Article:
Skip to main content

Cerebrospinal fluid dynamics in idiopathic intracranial hypertension: a literature review and validation of contemporary findings

Abstract

Background

Idiopathic intracranial hypertension (IIH) is a rare disease of unknown aetiology related possibly to disturbed cerebrospinal fluid (CSF) dynamics and characterised by elevated intracranial pressure (ICP) causing optic nerve atrophy if not timely treated. We studied CSF dynamics of the IIH patients based on the available literature and our well-defined cohort.

Method

A literature review was performed from PubMed between 1980 and 2020 in compliance with the PRISMA guideline. Our study includes 59 patients with clinical, demographical, neuro-ophthalmological, radiological, outcome data, and lumbar CSF pressure measurements for suspicion of IIH; 39 patients had verified IIH while 20 patients did not according to Friedman’s criteria, hence referred to as symptomatic controls.

Results

The literature review yielded 19 suitable studies; 452 IIH patients and 264 controls had undergone intraventricular or lumbar CSF pressure measurements. In our study, the mean CSF pressure, pulse amplitudes, power of respiratory waves (RESP), and the pressure constant (P0) were higher in IIH than symptomatic controls (p < 0.01). The mean CSF pressure was higher in IIH patients with psychiatric comorbidity than without (p < 0.05). In IIH patients without acetazolamide treatment, the RAP index and power of slow waves were also higher (p < 0.05). IIH patients with excess CSF around the optic nerves had lower relative pulse pressure coefficient (RPPC) and RESP than those without (p < 0.05).

Conclusions

Our literature review revealed increased CSF pressure, resistance to CSF outflow and sagittal sinus pressure (SSP) as key findings in IIH. Our study confirmed significantly higher lumbar CSF pressure and increased CSF pressure waves and RAP index in IIH when excluding patients with acetazolamide treatment. In overall, the findings reflect decreased craniospinal compliance and potentially depleted cerebral autoregulation resulting from the increased CSF pressure in IIH. The increased slow waves in patients without acetazolamide may indicate issues in autoregulation, while increased P0 could reflect the increased SSP.

Introduction

Epidemiology of IIH

Idiopathic intracranial hypertension (IIH) is a disease with an incidence rate of 0.5–2.0/100,000/year [3, 31]. An IIH patient is typically a young obese woman with an increased intracranial pressure (ICP) but no established pathogenesis [31]. The main symptoms of IIH are headache and momentary visual symptoms, and if it is not properly diagnosed, treated, and followed up, it may lead to total loss of vision. The patients are described by unremarkable findings in (i) neurological examination, (ii) radiologic imaging and (iii) cerebrospinal fluids (CSF) composition. The first line of treatment for IIH is weight loss and medical treatment with acetazolamide. In selected cases, surgical interventions, such as shunting procedures, optic nerve sheath fenestration and sinus stenting may alleviate symptoms [3, 31] and in severely obese patients, gastric bypass surgery can be considered as a viable treatment for the IIH [3, 17, 31, 37]. IIH comorbidities, such as psychiatric disorders, are associated with worse subjective outcome of the treatments [40].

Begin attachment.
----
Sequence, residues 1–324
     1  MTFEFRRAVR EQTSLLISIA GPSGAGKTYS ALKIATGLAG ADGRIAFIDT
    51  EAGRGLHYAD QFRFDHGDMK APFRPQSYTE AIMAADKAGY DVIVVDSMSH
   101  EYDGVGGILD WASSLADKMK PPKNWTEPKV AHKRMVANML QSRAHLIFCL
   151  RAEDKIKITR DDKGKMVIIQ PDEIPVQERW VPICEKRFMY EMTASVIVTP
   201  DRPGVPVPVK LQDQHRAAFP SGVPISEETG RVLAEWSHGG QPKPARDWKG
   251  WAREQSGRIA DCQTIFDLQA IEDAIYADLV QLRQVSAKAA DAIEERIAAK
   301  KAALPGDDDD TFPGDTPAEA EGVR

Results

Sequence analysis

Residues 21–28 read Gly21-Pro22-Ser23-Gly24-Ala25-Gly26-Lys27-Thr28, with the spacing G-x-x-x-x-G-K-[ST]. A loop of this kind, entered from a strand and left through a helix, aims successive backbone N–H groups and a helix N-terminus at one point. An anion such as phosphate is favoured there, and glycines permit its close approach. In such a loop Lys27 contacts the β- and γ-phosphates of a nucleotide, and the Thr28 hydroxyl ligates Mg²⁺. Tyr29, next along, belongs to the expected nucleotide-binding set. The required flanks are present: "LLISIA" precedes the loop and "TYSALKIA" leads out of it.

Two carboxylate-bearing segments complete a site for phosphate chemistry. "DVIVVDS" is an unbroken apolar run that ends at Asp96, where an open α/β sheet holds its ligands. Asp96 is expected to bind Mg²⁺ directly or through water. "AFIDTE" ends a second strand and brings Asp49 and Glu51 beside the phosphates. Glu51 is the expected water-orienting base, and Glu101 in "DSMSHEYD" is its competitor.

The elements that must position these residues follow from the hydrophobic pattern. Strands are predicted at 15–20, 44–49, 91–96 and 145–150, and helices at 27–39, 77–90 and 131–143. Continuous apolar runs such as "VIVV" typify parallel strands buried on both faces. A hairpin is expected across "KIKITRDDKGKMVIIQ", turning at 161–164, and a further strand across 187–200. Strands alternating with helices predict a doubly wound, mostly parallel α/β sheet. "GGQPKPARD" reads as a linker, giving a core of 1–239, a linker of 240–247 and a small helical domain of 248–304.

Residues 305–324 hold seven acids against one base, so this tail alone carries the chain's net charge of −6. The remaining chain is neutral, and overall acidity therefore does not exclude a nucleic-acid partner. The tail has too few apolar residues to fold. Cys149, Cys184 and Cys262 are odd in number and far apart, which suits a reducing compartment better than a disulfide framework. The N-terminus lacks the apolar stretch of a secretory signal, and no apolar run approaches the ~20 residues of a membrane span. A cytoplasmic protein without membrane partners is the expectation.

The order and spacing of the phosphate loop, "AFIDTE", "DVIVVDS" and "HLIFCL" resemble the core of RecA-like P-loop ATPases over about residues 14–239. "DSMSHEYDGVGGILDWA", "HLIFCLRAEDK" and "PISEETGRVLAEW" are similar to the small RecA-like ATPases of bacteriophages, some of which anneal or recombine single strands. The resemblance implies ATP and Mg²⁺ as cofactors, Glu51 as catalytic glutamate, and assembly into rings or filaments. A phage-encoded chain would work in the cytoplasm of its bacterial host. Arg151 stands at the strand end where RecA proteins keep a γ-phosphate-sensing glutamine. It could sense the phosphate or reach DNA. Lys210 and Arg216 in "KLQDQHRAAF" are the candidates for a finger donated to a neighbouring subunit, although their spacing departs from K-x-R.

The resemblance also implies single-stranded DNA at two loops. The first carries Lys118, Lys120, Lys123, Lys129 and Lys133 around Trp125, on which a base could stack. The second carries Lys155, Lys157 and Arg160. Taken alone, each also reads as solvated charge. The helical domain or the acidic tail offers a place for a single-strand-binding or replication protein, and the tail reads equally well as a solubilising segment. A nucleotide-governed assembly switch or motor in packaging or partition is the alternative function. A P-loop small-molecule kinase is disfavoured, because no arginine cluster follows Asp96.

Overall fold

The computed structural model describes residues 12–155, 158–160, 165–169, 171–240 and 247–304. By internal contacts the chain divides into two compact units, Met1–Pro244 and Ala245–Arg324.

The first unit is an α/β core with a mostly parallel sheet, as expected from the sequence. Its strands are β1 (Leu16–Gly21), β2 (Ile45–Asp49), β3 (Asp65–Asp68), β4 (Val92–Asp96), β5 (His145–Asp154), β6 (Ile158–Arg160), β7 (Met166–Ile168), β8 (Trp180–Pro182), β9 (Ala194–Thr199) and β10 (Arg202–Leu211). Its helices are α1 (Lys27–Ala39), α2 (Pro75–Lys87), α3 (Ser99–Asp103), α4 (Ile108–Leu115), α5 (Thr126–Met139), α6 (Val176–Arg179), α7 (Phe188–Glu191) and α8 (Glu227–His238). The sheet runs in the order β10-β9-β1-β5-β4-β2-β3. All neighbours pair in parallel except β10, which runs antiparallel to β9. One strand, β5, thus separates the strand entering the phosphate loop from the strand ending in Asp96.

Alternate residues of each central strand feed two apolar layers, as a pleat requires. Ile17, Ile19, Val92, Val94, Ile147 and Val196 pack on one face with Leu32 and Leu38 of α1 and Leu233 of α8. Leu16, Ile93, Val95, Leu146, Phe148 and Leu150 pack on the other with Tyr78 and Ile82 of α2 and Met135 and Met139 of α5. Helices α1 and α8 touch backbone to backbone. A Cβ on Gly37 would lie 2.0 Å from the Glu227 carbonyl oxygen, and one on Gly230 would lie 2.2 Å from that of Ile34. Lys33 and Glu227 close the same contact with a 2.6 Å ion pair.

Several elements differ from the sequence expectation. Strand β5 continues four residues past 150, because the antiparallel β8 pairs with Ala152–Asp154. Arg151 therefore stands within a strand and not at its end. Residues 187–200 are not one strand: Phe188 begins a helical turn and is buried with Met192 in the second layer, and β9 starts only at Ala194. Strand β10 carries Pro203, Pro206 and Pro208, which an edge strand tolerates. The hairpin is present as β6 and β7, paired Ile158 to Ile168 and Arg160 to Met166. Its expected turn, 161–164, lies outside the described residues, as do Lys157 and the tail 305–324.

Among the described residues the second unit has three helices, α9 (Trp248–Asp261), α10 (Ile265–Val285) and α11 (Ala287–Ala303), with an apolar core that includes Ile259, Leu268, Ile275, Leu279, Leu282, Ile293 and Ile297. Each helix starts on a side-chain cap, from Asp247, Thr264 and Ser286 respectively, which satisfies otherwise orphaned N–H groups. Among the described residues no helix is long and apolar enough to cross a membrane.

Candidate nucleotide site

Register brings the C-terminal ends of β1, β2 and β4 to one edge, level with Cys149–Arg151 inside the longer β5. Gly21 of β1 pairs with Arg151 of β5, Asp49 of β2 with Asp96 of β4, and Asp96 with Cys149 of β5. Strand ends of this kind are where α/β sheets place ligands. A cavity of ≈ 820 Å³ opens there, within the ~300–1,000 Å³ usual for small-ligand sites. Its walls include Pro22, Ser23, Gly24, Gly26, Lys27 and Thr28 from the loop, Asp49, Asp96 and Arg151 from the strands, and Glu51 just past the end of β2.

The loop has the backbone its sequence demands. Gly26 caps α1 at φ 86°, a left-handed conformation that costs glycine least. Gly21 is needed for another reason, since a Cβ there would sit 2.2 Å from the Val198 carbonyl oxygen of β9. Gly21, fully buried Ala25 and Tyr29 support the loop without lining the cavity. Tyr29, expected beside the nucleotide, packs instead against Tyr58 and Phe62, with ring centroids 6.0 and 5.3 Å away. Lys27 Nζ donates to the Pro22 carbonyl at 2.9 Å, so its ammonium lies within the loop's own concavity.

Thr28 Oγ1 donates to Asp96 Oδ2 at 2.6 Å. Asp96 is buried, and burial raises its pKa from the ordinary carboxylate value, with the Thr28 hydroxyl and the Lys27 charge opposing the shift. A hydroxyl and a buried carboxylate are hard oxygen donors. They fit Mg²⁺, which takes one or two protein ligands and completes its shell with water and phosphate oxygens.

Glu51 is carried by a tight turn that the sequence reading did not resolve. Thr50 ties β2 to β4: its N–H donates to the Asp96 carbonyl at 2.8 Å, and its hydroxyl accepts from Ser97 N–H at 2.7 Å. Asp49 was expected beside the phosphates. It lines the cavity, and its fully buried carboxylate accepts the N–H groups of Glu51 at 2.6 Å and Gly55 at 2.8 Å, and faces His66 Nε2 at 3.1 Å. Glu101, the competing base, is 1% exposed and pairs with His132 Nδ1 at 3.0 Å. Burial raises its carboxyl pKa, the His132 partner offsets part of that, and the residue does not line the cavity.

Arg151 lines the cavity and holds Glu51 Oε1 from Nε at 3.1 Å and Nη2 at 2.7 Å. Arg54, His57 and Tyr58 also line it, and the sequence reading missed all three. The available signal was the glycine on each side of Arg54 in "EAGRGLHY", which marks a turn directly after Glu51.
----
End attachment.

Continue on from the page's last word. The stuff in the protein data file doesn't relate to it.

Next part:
Pathogenesis of IIH

The pathogenesis of IIH is unclear, but several theories attempt to describe why ICP increases among these patients. The majority of the IIH patients are young, obese and female, suggesting an essential role for neuroendocrinological dysfunction [31, 43, 44, 49]. Although altered metabolic, inflammatory and hormonal regulation may contribute to the development of the IIH [31], the dysfunction of CSF dynamics has been considered as the key element in understanding the aetiology of IIH [3, 7, 31, 45]. Deranged CSF dynamics and aquaporins could play a role in dysregulation of CSF production and in turn play a role in developing cerebral edema in IIH [3, 31, 43, 44].

Disturbed cerebrospinal fluid dynamics in IIH

The proposed hydrodynamic mechanisms contributing to the development of the IIH include increased venous sinus pressure, CSF hypersecretion and CSF outflow obstruction. The CSF dynamics are based on three principal components: (i) production, (ii) circulation and (iii) absorption. The components can be measured with physiological infusion tests targeting the human CSF system.

The CSF infusion tests have been used to investigate mechanisms of IIH pathogenesis, but comprehensive reviews on their utilisation and findings in IIH patients are lacking [3, 31]. The extent of CSF hypersecretion in IIH patients has been investigated with initial infusion and magnetic resonance imaging (MRI) studies, but findings have been insignificant [31] and in general, objective evidence supporting increased cerebral blood volume or brain water content has not been strong [3, 31]. Some suggest that IIH is a result of increased venous pressure [3] and that increased sinus pressure caused by sinus stenosis is a key pathogenetic factor in selected cases. The sinus stenosis may also be secondary to the elevated intracranial pressure rather than the cause of the disease [31].

Dynamic intracranial pressure analysis